Monday, April 29, 2013

It's Getting Hot In Here

Apocalyptic thriller streaming on Netflix?


Quick Plot: Somewhere in Europe where people speak in German, the world has experienced a devastating solar storm that has rendered society into a wasteland. Water and fuel are scarce, while the sun now beats down with violently hot burn-inducing rays.

And sadly, there is no leather.

Enter a car of survivors: Marie, a resourceful young woman who resembles Asia Argento's gentler twin, her younger teenage sister Leonie, and Philip, the man who has helped to keep them alive and, we gather, Marie's bed warm. At a scavenged gas station, they adds another member: Tom, a mysterious but useful straggler. Some car trouble and chaotic kidnappings later, the group is separated, with Marie finding suspicious shelter in a farm commune.

When I first started Hell, I was instantly impressed. The film immediately establishes its societal crumble with subtle visuals and implied tone. Though we never get much history from the characters, Hannah Herzsprung conveys a plucky strength that we easily root for in Marie, while her tricky relationship with a bratty kid sis and merely suitable romantic partner lends complicated tension. Early on, Philip points out that Marie needs to put Leonie "under control," a statement with tricky undertones about hierarchy that are later amplified by Marie's family values-minded new group. The screenplay never quite steps up to confront its ideas about gender politics during survival of the fittest, but the hints of discussion are intriguing on their own.

Unfortunately, Hell isn't quite up to the challenge of being a truly deep philosophical analogy, which would okay if the film didn't also hesitate on the action end. Somewhere between the panoramic father/son drama of The Road and coldly detached Time of the Wolf, Hell is the kind of film that's easier to appreciate than it is to enjoy. First-time filmmaker Tim Fehlbaum creates an incredibly strong and striking world, but with such a small scope, you expect the human element to matter more. While Herzsprung's Marie has a wonderful presence, her relationship with the bratty Leonie never resonates as deeply as it should (because, you know, the kid’s kind of a brat), while Philip's flaws are too easily brushed over. Between the created world and intriguing characters, there’s plenty of interesting potential that’s just never really tapped.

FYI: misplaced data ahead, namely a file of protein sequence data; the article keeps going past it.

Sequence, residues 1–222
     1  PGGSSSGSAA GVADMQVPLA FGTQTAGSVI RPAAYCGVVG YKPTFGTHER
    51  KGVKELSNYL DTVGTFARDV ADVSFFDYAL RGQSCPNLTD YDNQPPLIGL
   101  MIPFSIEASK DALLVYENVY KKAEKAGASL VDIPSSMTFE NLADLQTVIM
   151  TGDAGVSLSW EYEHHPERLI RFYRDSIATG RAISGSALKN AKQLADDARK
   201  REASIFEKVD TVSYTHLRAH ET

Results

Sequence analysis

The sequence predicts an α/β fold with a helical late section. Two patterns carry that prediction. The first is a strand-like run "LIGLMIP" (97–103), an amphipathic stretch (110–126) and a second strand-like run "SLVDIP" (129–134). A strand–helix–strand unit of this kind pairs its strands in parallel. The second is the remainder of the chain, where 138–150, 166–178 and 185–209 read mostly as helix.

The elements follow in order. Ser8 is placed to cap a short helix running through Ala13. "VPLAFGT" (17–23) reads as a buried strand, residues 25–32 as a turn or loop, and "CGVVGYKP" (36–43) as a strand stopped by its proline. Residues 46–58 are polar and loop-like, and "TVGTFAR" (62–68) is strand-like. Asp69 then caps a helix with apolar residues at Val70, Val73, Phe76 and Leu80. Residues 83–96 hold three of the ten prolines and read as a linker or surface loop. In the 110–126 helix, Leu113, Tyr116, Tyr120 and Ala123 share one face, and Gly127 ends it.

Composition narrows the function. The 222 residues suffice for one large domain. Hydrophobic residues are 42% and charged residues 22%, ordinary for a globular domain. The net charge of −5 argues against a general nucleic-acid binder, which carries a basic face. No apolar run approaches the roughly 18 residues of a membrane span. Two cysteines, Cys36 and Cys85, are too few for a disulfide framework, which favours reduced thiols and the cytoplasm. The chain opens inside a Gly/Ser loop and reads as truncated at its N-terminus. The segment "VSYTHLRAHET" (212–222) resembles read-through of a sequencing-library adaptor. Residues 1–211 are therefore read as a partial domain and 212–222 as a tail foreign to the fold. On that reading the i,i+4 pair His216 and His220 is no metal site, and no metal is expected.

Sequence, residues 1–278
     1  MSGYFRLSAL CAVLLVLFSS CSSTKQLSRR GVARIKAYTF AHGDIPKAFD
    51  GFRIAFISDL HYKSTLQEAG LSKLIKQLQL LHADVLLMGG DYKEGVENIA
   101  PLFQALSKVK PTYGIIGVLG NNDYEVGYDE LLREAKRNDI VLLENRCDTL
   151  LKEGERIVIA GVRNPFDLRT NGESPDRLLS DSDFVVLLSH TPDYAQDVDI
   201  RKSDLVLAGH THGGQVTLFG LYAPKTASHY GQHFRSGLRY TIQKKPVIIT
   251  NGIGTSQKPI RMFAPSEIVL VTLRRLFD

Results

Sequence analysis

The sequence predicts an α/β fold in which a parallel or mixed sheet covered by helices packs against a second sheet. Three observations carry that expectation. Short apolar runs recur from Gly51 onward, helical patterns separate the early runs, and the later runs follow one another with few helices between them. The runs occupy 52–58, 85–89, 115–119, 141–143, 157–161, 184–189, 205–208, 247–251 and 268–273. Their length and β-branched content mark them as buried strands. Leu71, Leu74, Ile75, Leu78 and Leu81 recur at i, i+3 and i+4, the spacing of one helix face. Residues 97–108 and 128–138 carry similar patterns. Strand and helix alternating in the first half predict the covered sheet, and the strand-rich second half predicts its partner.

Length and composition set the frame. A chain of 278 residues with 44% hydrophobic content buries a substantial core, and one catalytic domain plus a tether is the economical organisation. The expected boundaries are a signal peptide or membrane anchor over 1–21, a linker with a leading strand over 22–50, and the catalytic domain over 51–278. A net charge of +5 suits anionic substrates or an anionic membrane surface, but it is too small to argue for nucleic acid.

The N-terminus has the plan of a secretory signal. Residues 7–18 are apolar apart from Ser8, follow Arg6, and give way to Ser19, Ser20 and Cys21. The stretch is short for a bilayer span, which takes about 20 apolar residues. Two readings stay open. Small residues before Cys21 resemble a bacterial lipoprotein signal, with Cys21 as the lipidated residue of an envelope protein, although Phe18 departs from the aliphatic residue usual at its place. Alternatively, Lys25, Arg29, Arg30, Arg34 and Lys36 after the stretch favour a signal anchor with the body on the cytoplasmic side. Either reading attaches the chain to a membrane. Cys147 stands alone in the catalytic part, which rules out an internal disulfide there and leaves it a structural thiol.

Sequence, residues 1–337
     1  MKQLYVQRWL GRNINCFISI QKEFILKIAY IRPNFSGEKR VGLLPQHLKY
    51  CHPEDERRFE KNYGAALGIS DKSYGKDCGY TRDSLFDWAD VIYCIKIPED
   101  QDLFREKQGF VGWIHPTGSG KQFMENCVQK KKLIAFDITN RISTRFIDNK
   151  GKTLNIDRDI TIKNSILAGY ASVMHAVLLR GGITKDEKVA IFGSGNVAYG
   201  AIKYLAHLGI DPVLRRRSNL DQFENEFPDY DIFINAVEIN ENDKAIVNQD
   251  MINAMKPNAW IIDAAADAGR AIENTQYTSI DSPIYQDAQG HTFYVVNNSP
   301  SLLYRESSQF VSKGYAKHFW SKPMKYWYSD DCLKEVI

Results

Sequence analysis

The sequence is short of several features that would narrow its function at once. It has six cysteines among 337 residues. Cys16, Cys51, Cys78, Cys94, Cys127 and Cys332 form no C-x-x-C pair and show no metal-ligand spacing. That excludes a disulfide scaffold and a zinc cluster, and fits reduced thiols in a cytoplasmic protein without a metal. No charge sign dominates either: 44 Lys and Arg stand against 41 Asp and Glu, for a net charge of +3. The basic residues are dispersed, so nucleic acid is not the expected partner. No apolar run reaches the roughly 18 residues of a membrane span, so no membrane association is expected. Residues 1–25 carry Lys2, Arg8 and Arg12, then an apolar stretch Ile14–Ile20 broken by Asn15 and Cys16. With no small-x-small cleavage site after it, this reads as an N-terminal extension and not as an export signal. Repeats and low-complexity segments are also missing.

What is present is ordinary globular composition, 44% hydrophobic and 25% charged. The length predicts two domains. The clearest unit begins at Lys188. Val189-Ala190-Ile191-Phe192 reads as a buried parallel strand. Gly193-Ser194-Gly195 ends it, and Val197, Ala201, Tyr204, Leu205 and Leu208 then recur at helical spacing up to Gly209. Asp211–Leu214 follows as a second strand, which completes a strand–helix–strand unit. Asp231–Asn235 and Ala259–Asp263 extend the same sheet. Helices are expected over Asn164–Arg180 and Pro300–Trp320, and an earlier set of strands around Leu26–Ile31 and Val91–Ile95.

High Notes
Between the almost sepia suntones and graying vegetation, the apocalyptic environment of Hell truly does look great

Low Notes
You know, the fact that nothing is really going on

Lessons Learned
Birds always know where the water is

Jump starting a car is a lot easier than it sounds

No matter how far into the future you go, no man will ever evolve far enough to not be confounded by the complications of a net

If your prisoner keeps trying to escape, perhaps you should keep someone on watch

Obsessive post-apocalypse compulsives such as myself will certainly get something from Hell. The visual design itself makes it worth a watch, although the actual narrative leaves a whole lot to be desired. Queue it up on Instant Watch if you’re in the mood for some effective end of the world atmosphere and keep an eye out for Fehlbaum’s future (and hopefully more fully realized) efforts.


  1. Like you, I too am drawn to apocalypse cinema, and Hell is one that's been low on my radar. Even if it's not as engaging as it could be, I would likely enjoy the visual elements, so I'll give it a watch at some point.

  2. I think you'll dig aspects of it. The filmmaking is genuinely impressive, even if the story wanders into no man's land.

  3. Like your good self and Matt, I loves me some post-apocalyptic celluloid shenanigans. You’ll have to forgive me though, when I first started reading your review (after seeing “From Roland Emmerich, the director of The Day After Tomorrow and 2012” emblazoned on the DVD cover), I thought it was actually directed by him. I thought he had directed a film with ‘undertones about hierarchy’ and ‘gender politics’ and got quite intrigued/excited. Alas, he just produced it – but it still sounds like something I might like. Great review – especially enjoyed your astute observation about people always being confounded by the complications of a net; regardless of how far into the future they live! Pesky nets.

  4. I completely forgot about the Roland Emmerich connection. I didn't even notice it during the opening credits, so I have no idea how heavy his involvement was. If you put this and a pile of other streaming genre films in a bucket and told me to pick the Emmerich-produced one, I'm fairly certain I'd fail.

    NETS! The REAL bringers of the apocalypse!